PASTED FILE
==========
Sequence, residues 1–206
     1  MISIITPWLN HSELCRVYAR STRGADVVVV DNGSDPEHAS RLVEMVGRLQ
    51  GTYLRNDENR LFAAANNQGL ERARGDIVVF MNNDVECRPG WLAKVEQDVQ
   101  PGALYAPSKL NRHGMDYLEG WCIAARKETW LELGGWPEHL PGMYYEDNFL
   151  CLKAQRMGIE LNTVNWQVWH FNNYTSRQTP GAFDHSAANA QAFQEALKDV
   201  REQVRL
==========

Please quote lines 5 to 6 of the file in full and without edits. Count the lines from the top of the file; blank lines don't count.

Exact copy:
   151  CLKAQRMGIE LNTVNWQVWH FNNYTSRQTP GAFDHSAANA QAFQEALKDV
   201  REQVRL